These rocks, plucked like rusty fruit from the granite field
at the construction site, were never so inviting as today
when, heaped into a momentary rockery, they gave
each hand-sized face to light as if this height of summer,
Solstice Celebration Day, meant to make a pink-lit temple
at the lip of our ravine.
It seemed a different thing
to take them down, reground them into useful lines
runneling the creekbed to the wash. To hold erosion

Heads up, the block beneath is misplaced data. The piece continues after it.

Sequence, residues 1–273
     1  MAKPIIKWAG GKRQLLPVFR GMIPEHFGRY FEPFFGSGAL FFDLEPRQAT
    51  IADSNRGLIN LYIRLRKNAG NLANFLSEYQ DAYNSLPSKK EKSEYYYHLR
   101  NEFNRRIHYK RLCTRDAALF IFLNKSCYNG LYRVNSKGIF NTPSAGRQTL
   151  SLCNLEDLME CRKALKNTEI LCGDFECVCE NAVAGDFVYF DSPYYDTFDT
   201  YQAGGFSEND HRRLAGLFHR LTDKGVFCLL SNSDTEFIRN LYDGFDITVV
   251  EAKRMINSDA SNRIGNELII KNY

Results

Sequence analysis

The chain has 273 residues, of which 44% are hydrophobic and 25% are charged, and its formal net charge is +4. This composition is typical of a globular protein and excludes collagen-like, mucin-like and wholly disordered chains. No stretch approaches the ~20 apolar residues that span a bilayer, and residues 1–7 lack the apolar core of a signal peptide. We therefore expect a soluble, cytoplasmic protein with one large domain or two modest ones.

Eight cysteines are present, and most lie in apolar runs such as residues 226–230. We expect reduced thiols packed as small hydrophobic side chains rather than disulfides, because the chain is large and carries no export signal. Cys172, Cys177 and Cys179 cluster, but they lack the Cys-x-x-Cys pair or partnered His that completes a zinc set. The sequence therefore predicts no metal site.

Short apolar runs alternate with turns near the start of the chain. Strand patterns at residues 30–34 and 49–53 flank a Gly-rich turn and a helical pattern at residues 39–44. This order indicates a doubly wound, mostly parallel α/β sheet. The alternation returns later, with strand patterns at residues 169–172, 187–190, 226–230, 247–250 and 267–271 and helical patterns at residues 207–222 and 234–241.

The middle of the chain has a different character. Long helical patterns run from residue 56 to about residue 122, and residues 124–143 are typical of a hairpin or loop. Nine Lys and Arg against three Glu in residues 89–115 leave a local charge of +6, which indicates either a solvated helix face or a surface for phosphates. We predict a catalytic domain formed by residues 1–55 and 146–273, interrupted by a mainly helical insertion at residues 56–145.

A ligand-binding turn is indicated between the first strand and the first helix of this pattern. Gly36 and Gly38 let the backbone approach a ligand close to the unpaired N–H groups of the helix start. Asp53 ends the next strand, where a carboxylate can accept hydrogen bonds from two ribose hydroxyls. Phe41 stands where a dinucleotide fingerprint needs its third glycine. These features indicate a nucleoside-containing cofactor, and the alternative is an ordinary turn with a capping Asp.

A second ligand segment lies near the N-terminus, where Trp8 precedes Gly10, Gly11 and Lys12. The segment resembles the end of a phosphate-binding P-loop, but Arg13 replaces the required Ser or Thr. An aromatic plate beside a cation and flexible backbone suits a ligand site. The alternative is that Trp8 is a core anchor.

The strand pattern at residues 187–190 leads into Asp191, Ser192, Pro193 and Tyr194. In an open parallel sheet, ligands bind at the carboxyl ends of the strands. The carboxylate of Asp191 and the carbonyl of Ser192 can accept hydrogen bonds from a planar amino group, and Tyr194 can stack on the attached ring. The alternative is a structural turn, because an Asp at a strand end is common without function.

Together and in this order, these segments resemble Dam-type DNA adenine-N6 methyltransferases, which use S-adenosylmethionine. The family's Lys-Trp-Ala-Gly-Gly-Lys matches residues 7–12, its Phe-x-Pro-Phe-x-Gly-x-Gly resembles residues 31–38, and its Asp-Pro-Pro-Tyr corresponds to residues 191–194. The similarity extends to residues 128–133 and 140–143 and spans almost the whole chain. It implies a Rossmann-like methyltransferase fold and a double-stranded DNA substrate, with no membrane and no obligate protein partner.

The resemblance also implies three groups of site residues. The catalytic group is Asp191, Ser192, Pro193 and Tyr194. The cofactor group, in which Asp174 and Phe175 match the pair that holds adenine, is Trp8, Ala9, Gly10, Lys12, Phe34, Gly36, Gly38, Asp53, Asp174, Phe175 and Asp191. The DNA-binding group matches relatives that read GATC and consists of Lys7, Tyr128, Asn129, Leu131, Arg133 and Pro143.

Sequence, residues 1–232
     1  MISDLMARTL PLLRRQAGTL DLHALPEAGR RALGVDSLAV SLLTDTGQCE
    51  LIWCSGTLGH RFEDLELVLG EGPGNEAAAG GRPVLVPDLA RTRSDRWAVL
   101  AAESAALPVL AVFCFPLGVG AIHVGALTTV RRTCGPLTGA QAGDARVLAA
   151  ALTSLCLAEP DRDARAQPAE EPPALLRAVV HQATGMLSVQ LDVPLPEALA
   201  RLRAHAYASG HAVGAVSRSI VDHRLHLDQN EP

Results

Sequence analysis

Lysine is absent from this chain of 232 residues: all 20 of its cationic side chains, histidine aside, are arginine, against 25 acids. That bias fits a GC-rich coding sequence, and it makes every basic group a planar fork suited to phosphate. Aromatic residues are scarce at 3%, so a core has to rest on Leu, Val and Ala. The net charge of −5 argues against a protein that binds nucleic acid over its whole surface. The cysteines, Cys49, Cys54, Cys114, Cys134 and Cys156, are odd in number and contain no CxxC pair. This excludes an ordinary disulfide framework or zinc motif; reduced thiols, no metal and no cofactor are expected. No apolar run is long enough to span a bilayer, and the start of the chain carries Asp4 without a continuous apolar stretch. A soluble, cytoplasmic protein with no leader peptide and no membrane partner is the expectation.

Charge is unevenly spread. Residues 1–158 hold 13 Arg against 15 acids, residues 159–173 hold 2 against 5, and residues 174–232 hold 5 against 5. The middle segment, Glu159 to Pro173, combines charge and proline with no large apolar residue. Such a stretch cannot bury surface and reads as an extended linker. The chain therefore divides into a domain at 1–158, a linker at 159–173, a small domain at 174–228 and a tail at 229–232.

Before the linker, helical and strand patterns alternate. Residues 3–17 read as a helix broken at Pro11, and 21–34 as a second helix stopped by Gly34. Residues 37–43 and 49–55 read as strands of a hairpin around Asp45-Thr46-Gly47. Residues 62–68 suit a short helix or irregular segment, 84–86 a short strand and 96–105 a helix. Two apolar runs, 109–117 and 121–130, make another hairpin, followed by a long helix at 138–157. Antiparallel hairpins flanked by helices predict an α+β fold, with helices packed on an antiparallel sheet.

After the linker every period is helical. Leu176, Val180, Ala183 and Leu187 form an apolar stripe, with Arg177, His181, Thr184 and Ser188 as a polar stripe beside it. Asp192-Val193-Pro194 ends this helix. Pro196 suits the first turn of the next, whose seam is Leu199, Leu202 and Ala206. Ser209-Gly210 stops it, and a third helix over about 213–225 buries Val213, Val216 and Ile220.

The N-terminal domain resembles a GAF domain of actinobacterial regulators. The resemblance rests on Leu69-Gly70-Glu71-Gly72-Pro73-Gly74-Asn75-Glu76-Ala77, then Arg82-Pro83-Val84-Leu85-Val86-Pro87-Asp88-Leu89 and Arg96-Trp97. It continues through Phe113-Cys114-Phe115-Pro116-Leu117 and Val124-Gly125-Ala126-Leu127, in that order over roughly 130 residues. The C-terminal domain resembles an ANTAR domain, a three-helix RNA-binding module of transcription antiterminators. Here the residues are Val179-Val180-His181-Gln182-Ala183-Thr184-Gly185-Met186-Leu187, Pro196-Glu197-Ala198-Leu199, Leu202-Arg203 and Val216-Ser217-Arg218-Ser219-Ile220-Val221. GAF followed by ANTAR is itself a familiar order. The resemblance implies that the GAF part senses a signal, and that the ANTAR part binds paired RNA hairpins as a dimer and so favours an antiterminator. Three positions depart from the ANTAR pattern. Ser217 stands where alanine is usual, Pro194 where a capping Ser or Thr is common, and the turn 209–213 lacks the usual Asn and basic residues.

to a human pace, though a necessity,
could not assuage our sense that monuments
heap up, not down, and should stay visible from
the back porch steps. The heft and loft of each rock
we heaved to disappear into the snarl
of vines reclimbed the aching musculature to settle
in our heads. Rocks mark the place the living
cede the dead, but our garden Buddha, calm
at the head of the rocked-in creek, repeats instead his scholar
protégé Wang Wei: No one can tell which way
may flow the stream of paradise.
McMahon was first introduced to me in undergraduate, and is one of the poets I reach for, without prompting.